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Can a Hammer Drill Be Used as a Regular Drill?

hammer drill tool

Looking at the drill aisle in your local hardware store can present an overwhelming variety of options. Not only do you have to choose the best brand of drill, but there are so many different types—regular drills, hammer drills, impact drivers. It’s a lot to wade through.

Can a Hammer Drill Be Used as a Regular Drill?

For now, we’ll save impact drivers for another day and focus on one of the most common drill questions we hear: can you use a hammer drill as a regular drill?

The simplest answer is, in most cases, yes. But that doesn’t always make it the best tool for the job. There are situations in which using a hammer drill gives you a huge advantage, but there are also times when a hammer drill is overkill. It can even be unwieldy and difficult to work with. Let’s take a deeper dive into the differences between the two, and which one is the right choice depending on your needs. 

Hammer Drills

All drills have a rotary motion. What sets hammer drills apart is that, in addition to rotating, they also have a forward thrusting motion. As the drill bit spins, it vibrates rapidly front-to-back, and this “hammering” action gives the drill extra power to punch through tough materials. It doesn’t move back and forth a lot—typically just a fraction of an inch—but these fast, hard impacts allow you to drill through things like brick and masonry with ease. 

Hammer Drill Modes

Most high-quality hammer drills have multiple modes, or settings. In addition to the “hammer drill” setting, which provides a combination of impact and rotation, there is often also a “hammer” setting (just impact) and a “drill” setting (just rotation). In this way, a hammer drill can also be used as a regular drill in situations where the hammering motion is not needed. 

Advantages and Disadvantages of Hammer Drills

If you’ve ever tried to drill through concrete, brick or stone with a regular drill, then you already understand the advantage a hammer drill offers. Simply put, it gives you more power to drill through tough stuff. And because the “hammer” mode is easily turned off, hammer drills can also be used to drill through softer materials like wood. 

But there are disadvantages to hammer drills as well. Because they are more complex, have more moving parts and must be more durably built, they’re generally more expensive. Hammer drills are also bigger and heavier than regular drills, and often have a side-mounted handle that you can use to control and stabilize the drill while you’re using it.

For delicate work that requires precise drilling, a hammer drill isn’t the best tool for the job. And if you’re drilling through delicate material that can easily shatter or crumble, such as ceramic or plaster, a hammer drill can actually damage the surface.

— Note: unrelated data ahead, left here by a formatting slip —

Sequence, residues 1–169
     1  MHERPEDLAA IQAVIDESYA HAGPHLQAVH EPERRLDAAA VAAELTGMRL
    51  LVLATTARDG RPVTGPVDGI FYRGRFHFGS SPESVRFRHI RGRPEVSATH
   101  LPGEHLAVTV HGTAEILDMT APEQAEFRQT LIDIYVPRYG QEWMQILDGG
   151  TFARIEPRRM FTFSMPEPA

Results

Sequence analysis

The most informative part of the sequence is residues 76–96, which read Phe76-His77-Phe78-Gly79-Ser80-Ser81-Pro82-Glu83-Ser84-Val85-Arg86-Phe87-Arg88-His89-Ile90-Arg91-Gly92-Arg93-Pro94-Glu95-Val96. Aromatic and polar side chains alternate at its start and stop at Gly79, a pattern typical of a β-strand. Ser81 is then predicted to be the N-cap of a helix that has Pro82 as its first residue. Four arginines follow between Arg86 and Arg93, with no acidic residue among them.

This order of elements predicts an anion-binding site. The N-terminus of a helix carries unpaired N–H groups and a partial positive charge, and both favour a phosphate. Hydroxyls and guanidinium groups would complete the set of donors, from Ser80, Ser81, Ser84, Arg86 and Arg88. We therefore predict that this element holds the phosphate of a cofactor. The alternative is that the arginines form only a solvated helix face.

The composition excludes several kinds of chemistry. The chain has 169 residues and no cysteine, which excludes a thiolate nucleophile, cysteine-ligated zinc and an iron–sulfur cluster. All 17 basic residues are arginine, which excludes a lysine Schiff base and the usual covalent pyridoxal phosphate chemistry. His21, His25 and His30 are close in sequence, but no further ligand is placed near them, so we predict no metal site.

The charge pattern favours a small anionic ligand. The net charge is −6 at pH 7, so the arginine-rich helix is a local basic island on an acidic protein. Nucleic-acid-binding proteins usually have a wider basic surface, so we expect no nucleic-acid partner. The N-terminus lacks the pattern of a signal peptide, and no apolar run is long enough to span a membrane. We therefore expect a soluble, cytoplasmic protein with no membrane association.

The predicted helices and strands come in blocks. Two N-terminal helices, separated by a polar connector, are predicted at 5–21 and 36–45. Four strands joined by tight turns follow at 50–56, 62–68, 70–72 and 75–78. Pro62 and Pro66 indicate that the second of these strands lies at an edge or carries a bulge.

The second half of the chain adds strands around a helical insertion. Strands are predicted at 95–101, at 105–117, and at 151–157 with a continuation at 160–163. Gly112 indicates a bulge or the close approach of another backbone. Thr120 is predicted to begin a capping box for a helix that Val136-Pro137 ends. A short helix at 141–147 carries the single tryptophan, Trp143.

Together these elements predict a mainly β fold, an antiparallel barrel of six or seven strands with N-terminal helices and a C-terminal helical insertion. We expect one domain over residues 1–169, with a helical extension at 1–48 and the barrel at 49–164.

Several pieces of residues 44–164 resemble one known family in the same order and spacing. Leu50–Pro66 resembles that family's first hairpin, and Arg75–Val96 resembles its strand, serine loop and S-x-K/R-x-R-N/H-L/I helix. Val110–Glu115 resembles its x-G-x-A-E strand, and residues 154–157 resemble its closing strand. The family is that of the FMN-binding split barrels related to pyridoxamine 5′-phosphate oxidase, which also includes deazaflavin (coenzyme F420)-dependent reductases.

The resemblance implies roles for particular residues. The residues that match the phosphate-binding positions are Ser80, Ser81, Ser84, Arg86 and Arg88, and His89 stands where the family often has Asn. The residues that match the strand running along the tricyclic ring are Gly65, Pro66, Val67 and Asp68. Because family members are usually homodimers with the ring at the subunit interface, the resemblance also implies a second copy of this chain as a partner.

Regular Drills

Referring to non-hammer drills as “regular” drills is a bit of a misnomer—hammer drills are really just a type of regular drill—but for the sake of comparison, let’s assume that by “regular drill” we mean any drill that has rotation only. These are the most common drills that the average homeowner uses for day-to-day household drilling projects. When you need to make a hole or drive a screw through soft materials like wood, drywall, plaster, plastic or even some metals, a regular drill will do the job nicely. 

Advantages and Disadvantages of Regular Drills

Regular drills are lightweight and easy to use. They’re also relatively inexpensive, and can handle most jobs that require a drill. They especially excel in situations that require some precision and dexterity, like drilling delicate screws, or making very small holes that need to be precisely placed. Because regular drills are also small and lightweight, they’re also great when you need to work in a tight space.

The downside of a regular drill is, of course, lack of power. While most regular drills have an adjustable clutch that lets you increase or decrease the torque, this isn’t always enough when the material you need to drill through is extremely hard. Regular drills struggle to make it through concrete, stone and brickwork in particular. 

Choosing Between Hammer Drills vs. Regular Drills

Hammer drills and regular drills each excel in certain situations, and and they each have their place in any handyman’s too arsenal. But if you only want one, or only have the budget for one, the choice really comes down to what you plan on using it for the most.

If you anticipate needing to drill through brick, concrete or stone, it’s worth investing in a hammer drill. You can always turn the hammer mode off and use it as a regular drill in situations that call for a lighter approach. But if you don’t expect to need to drill through anything tougher than wood on a regular basis, then a regular drill will more than fulfill its purpose. 

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